Alright, here it is. Building the daybed in its tedious details.
You guys were so sweet in your comments on my reveal post of the daybed and the video post explaining the major parts of the build…thank you!
For those of you who might pick up doors you have lying around and build them into a daybed, this post could be helpful to you.
It started with the doors I grew up slamming as a kid. When I saw them in my mom’s barn, I knew they would be used for something great, I just had no idea how gratifying and wonderful it would be!
Just in case you wanted a shot of what you’re getting a tutorial on, here is the daybed now…
Okay, in step by step detail, here we go.
I remember Matt was out of town when I started this project, and oh my, I can’t believe I thought I could lift those doors. I’m not so much of a girly-girl (i love some good fashion, though), but I literally just grunted….I could not lift it at all. Sometimes how I wish I could be my neighbors watching me.
First, I removed all the hardware, even the tiny peephole and spackled it all. I began sanding with a palm sander, 60 grit. Realizing there was no way to get past the lacquered red and black underneath, I gave up on getting down to bare wood.
And it wasn’t worth it to strip it.
So I used a high hiding grey-tinted primer.
Now for the part I was most nervous about….cutting the doors. My mom, who seems unusually calm about cutting apart pieces of her house, gave me a hand drawing off the pattern.
Then we simly traced it onto the door,
and with me holding my breath, Matt began cutting. He began with the jigsaw, but it was just not getting it done…the doors are solid oak and SO thick! He’s told me that if he had a larger bit, that would have been ideal, but in the end, his circular saw did the best job.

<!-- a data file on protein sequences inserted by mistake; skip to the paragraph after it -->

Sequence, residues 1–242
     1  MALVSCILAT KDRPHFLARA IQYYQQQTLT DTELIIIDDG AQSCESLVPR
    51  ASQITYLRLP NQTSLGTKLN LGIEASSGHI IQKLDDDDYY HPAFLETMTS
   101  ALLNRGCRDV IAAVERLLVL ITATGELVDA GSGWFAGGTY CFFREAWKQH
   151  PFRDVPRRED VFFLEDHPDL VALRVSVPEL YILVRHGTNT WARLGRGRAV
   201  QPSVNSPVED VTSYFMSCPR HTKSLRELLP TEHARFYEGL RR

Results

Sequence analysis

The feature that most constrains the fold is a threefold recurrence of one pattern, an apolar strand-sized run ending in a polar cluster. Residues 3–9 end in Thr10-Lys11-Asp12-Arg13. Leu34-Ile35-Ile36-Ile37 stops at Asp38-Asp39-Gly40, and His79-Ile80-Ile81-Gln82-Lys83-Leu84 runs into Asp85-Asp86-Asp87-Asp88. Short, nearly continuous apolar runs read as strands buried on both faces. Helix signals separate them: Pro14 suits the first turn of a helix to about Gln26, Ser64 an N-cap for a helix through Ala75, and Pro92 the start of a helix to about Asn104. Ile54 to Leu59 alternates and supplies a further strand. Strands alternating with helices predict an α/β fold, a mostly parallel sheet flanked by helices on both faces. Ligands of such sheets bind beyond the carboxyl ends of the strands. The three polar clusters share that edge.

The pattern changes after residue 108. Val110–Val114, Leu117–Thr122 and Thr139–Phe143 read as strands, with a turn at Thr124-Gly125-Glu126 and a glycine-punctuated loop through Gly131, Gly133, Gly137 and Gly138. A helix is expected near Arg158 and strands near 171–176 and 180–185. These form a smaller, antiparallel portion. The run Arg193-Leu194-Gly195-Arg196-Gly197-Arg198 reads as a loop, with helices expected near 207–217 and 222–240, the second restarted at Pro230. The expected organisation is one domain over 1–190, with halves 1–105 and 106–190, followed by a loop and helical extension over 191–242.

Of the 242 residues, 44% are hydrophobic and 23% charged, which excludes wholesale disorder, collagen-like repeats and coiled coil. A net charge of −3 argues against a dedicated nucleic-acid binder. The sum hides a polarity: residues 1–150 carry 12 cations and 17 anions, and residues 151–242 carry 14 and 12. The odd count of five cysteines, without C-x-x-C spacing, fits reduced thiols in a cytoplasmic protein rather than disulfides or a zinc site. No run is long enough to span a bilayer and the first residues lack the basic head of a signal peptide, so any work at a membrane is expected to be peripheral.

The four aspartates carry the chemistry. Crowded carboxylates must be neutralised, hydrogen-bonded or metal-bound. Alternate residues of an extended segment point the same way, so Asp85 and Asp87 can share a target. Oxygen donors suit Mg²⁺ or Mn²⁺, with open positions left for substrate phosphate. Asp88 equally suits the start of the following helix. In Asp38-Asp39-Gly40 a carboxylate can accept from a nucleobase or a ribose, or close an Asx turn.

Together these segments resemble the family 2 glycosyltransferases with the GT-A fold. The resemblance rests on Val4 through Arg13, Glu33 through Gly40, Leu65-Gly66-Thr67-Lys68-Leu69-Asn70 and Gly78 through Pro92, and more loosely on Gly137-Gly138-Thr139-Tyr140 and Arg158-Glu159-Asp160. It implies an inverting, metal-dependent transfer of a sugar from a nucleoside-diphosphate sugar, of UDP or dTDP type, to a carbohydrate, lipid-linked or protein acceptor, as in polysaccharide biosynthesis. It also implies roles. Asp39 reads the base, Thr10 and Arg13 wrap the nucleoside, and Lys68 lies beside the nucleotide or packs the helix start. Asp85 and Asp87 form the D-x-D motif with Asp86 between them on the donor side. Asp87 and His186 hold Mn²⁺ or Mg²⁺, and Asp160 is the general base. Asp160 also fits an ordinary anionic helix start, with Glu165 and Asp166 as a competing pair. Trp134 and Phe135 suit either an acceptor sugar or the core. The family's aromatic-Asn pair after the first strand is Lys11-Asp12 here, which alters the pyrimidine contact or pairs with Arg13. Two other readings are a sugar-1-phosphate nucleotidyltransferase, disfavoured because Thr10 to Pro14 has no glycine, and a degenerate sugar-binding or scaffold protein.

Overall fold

After he finished cutting, he routed the “headboard” edges on one side and the side edges on both with a 3/8 inch roundover bit. If you’re nervous about this part, you can always practice on the pieces you’ve already cut off your door. That will give you a feel for the exact wood you’re routing.
And because I had no idea how I wanted the bed painted (funny, I paint everyday very decisively, but couldn’t decide for myself), so I tested a couple of things out before we put the bed together.
Before it actually got to this stage, a couple of things happened. We trimmed the door to be the same distance from the middle to each end…about 77 inches total so it would match the bed frame we had. We got that from my aunt (thanks, Aunt Vonda!), and it was so helpful to have during the construction.
We bought 2 4 foot poplar balusters from Lowe’s; they were about $23 a piece. You can buy a little cheaper version, but since I knew we were going white, the smoother and less wood grain we had to start with the better.
Matt pre-drilled the holes (with 3/8 in drill bit) to attach the balusters to the sides and the back of the bed. This is a necessary step when using lag screws (we used 8 6 inch)….You can’t just drill in a lag screw. Pre-drilling helps create the space for the screw and still leave enough room for the lag to “grab” the wood. He also used a 1 inch bit to recess the lag screws so they weren’t sticking out in the end. We have little caps to place on top, but we haven’t gotten to that yet.
He then attached the legs first…again, just bought at Lowe’s and you can trim them to be the length that works for your doors. You can see from this pic how he cut into the door to flush the leg inside the frame…but he could have trimmed it all the way down…either way will work!
He then attached the balusters to the headboard first, one lag screw on top and bottom and on each side….this thing is sturdy! You can also see that we chose to get the keep the baluster flush with the front of the headboard so it would be a seamless look from the front. Then we attached the sides and that’s pretty much it!
Ready some “after” shots again? Some of you have seen these plenty of times now, but I can’t very well do a whole post on the construction and not remind you what all that work was for, right?
After the high-hiding primer, and 2 coats of white from my sprayer, I simply glazed the panel grooves with an antiquing glaze, wiping it off almost completely with a wet cloth. I really just wanted the panels to pop, but I really still loved that crisp white in the end. I haven’t sealed it yet, but I’ll use my go-to choice, Varathane.
I am so thrilled with it, and I hope this helps you build a daybed this weekend if you’re up for it!
Have a great one!
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